San Francisco was alive with the sounds of beat drums and ignited firecrackers as the city's 163rd Chinese New Year Parade — which remains one of the largest of its kind outside of Asia — weaved around Chinatown Saturday night, offering a glimpse into a familiar post-pandemic future.

The past two years have seen an alarming increase in hate crimes conducted against AAPI community members not only here in the Bay Area but across the country, as well. Data compiled of recorded hate crimes published last year by the Center for the Study of Hate and Extremism revealed that anti-Asian hate crimes increased by 339% last year compared to the year before, with New York, San Francisco, Los Angeles, and other cities surpassing their record numbers in 2020. The findings also showed a disproportionate relation between the overall 11% increase in suspected hate crimes reported to police across the country.

But Saturday night's fantastical return of the San Francisco Chinese New Year Parade was a kinetic love letter to the city's strong Asian American community amid a time marked by social turmoil and economic recovery from the pandemic. For 2022, the city's Chinese New Year festivities were organized under the theme of “Resilience Embracing Beauty and Strength.”

“We hope that the community continues to be resilient,” said Stephanie Wong, longtime parade-goer and winner of San Francisco’s 2016 Miss Chinatown U.S.A. pageant, to the Chronicle. Wong has also volunteered to help organize this year’s pageant, which wrapped up last week with a coronation ball at the Hyatt Regency hotel.

Parade officials heavily marketed this year's promenade down SF's Chinatown, the parade itself known for attracting tens of thousands of people to see the spectacle in person — with millions of more watching on television and, as of late, through livestreams. Part of that strategy to attract attendees was to make getting to and from the neighborhood easy through the Chinese New Year weekend. SFMTA announced Thursday that Muni would be offering free rides throughout the weekend, starting this past Saturday at 5 a.m. and lasting until this coming Monday at the same time; the newspaper noted that by 4 p.m. yesterday, transbay BART trains had standing room only.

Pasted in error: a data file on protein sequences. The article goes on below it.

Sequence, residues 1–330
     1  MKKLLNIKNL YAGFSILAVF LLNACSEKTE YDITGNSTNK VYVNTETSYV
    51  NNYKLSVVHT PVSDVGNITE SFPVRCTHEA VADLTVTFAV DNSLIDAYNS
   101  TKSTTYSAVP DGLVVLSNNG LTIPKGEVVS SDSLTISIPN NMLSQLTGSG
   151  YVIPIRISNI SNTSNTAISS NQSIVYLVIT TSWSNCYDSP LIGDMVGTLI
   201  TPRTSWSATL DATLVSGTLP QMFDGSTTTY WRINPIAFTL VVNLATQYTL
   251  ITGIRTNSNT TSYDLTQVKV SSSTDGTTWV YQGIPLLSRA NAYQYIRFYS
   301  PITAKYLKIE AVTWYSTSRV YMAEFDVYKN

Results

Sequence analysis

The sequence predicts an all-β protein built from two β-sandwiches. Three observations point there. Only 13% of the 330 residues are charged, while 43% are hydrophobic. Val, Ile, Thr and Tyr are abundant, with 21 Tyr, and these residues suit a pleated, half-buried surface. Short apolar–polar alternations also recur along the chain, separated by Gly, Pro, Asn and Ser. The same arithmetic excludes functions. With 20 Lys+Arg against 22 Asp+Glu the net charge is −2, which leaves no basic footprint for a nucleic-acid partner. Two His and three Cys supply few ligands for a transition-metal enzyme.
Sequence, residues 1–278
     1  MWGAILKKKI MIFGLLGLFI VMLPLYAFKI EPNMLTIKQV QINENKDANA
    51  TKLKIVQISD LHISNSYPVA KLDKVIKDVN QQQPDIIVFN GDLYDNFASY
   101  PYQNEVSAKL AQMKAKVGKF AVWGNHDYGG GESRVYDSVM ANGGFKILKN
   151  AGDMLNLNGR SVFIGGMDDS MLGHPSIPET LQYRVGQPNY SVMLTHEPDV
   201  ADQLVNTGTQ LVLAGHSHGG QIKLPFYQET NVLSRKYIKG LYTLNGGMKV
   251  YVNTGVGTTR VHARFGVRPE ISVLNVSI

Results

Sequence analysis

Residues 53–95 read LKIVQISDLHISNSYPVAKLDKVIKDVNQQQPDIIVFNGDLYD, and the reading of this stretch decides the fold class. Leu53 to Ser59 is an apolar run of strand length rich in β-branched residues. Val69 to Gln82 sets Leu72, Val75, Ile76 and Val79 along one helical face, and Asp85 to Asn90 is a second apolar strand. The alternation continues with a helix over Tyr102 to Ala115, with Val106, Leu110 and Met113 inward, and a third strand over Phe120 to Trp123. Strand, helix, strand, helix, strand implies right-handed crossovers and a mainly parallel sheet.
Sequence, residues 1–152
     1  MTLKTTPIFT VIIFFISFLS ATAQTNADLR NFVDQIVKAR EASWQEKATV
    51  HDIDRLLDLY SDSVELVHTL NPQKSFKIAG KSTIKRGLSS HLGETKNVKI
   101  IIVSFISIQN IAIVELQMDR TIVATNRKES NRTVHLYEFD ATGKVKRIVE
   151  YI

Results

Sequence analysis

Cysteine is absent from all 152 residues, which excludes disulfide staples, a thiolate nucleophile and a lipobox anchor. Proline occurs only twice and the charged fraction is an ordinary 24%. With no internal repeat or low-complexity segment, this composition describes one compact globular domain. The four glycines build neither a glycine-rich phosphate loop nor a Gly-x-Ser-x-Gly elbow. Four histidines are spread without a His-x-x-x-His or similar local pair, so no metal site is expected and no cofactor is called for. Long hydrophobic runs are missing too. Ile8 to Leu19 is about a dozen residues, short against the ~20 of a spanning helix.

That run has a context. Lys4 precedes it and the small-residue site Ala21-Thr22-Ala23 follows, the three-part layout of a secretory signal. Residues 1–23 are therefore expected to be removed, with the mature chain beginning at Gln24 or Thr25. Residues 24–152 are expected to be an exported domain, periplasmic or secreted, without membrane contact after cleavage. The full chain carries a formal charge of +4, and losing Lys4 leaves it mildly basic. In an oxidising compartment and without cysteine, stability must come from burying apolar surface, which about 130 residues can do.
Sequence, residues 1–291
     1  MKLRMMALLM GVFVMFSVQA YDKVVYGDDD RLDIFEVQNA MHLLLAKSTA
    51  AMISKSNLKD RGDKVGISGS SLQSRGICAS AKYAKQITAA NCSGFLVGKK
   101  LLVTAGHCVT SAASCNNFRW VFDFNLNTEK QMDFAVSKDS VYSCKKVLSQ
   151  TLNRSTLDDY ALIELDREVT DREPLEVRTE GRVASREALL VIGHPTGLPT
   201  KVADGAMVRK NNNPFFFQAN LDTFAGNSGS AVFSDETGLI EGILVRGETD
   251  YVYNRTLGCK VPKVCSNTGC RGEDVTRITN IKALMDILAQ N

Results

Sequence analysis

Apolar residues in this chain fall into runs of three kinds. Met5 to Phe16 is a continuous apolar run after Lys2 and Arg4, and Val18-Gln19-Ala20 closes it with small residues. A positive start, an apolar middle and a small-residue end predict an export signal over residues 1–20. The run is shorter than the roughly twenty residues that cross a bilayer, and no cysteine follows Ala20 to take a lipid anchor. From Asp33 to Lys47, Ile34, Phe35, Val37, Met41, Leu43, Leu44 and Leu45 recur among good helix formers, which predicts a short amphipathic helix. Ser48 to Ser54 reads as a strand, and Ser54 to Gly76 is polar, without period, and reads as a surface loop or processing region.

Local culture notables like Sister Roma were seen participating in the Alaska Airlines-sponsored parade, the self-knighted "most photographed nun in the world" pictured wearing her iconic feathered headpiece bright with red plumage to honor the Year of the Tiger. San Francisco City supervisors Matt Haney, Dean Preston, and Aaron Peskin — who helped organize and push for this weekend's free Muni services — were also in attendance; Mayor Breed was photographed riding in the back of a vintage convertible car and taking on certain "MC duties" during the parade.

This year's Chinese New Year Parade symbolized a myriad of things. It was a return of one of SF's most celebrated festivities; the 2022 parade existed as a culminating example of resilience (in all manner of connotations) seen over the past two years; it, too, was a place where people could put on their "happiest faces."

“We’re all putting on our happiest faces to welcome in the new year because it’s been a long time,” said Anni Chung, CEO of Self-Help for the Elderly, an organization that serves mostly immigrant Asian seniors, to the Chronicle before mentioning that COVID-19 isn't going anywhere, any time soon — “it’s time to get over the pandemic, the pandemic, the pandemic.”

If you didn't find yourself amid yesterday's chromatic regalia and dancing dragons, here are images (and a few videos) of this 2022's Chinese New Year Parade in San Francisco to peruse.

Related: Meet the Tiger Floats of the 2022 SF Lunar New Year Festival and Parade

Photo: Instagram via @remingtonralph